McLaren gets Santander as sponsor

Santander, the Spanish bank, believes it has hit the jackpot by signing on as a corporate sponsor of the McLaren Mercedes Formula One team this year.

“McLaren have a British driver, Lewis Hamilton, and a Spanish one, Fernando Alonso. Just like Santander and Abbey in the UK. This is what we are,” says Juan Manuel Cendoya, the director of corporate communications at Santander.

Mr Hamilton this week began featuring in a nationwide advertising campaign for Abbey, the UK mortgage lender that Santander acquired in 2004.

The Spanish bank has plunged into corporate sponsorship in a big way. It is spending €55m ($74m) this year on Formula One, the UEFA Cup, a big international advertising campaign, and corporate hospitality events for thousands of clients and shareholders, in a bid to increase Santander’s profile as a global bank.

Santander is the world’s 12th largest bank by market value, but it is a newcomer to the big league. When it acquired Abbey National in 2004, some British newspapers were scathing, and depicted Emilio Botín, Santander’s chairman, as a bullfighter wearing a Mexican hat.

“When we bid for Abbey, we discovered that we were totally unknown in the UK. People had no idea of our international expansion, our track record,” Mr Cendoya says. “We decided this had to change.”

Sponsoring sports is a first for Santander, but a road well-travelled by other big banks, which spend an average of €30m a year on sports events.

But attaching one’s brand to sports celebrities is not a risk-free business, says Jacob Benbunan of Saffron Consultants in Madrid. “Banks like to convey values such as reliability, leadership and financial muscle, or power, and McLaren Mercedes conveys all of this. But if Santander also wants to convey the value of teamwork, then it might have problems. Alonso is complaining publicly that McLaren favours Hamilton. Rivalries can be healthy, but in this case, it could tear the team apart.”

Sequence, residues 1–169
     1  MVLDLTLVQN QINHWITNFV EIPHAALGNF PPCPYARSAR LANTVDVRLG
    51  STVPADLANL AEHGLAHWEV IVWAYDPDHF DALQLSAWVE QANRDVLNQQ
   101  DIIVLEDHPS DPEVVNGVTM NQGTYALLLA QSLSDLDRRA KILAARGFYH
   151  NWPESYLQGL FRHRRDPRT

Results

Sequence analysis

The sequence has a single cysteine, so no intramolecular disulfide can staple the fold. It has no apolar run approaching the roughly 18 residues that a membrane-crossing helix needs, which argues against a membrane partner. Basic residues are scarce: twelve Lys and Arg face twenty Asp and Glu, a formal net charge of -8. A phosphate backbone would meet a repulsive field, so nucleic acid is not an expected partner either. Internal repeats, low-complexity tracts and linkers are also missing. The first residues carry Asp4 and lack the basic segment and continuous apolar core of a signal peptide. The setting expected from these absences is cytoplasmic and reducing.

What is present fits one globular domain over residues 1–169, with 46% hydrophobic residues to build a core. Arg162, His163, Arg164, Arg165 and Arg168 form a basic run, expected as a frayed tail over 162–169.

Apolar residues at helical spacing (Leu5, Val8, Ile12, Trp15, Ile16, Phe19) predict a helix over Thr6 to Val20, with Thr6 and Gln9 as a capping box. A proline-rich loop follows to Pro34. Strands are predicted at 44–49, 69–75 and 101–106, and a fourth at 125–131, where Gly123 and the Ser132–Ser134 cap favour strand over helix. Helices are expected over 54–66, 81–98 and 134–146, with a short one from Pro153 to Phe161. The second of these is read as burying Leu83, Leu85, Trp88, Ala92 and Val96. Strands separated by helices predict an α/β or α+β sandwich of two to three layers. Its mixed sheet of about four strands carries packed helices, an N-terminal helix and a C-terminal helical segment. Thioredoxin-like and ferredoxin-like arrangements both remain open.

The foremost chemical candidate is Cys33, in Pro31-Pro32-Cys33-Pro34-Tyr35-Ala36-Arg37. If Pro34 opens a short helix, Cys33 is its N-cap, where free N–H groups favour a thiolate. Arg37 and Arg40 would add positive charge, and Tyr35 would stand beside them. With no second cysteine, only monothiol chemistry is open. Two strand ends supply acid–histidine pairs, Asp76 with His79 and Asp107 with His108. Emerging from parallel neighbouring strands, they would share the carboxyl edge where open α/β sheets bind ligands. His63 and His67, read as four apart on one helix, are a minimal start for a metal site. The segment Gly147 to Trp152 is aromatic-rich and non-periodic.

There are also limitations on how far you can stretch sports sponsorships to promote a global brand. Formula One is hugely popular in Brazil and in Europe, but not at all in Mexico, where Santander has a big operation.

“Another problem is that celebrities are human beings, and therefore fallible,” says Mr Benbunan. The world of fashion is very tolerant of pecadillos, but banks, which trade on a reputation for reliability, cannot afford to be so.

Nevertheless, Santander believes its move into sports sponsorship will help it become a household name around the globe.

It is also helping the group internally, Mr Cendoya says. In Germany, where Santander owns a consumer finance operation, the Spanish bank held a draw among 8,000 car dealers and took 200 of them to the German Grand Prix.

In Spain and the UK, the bank has taken thousands of guests to the Formula One races in Barcelona and Silverstone. “Our shareholders love it. Our clients love it. And it is also a way of motivating staff. We are using Formula One in many of our internal incentive schemes,” Mr Cendoya says.

But what most excites Mr Cendoya is the hundreds of millions of viewers who will tune in to watch Formula One races around the world, and see the Santander logo on McLaren cars.

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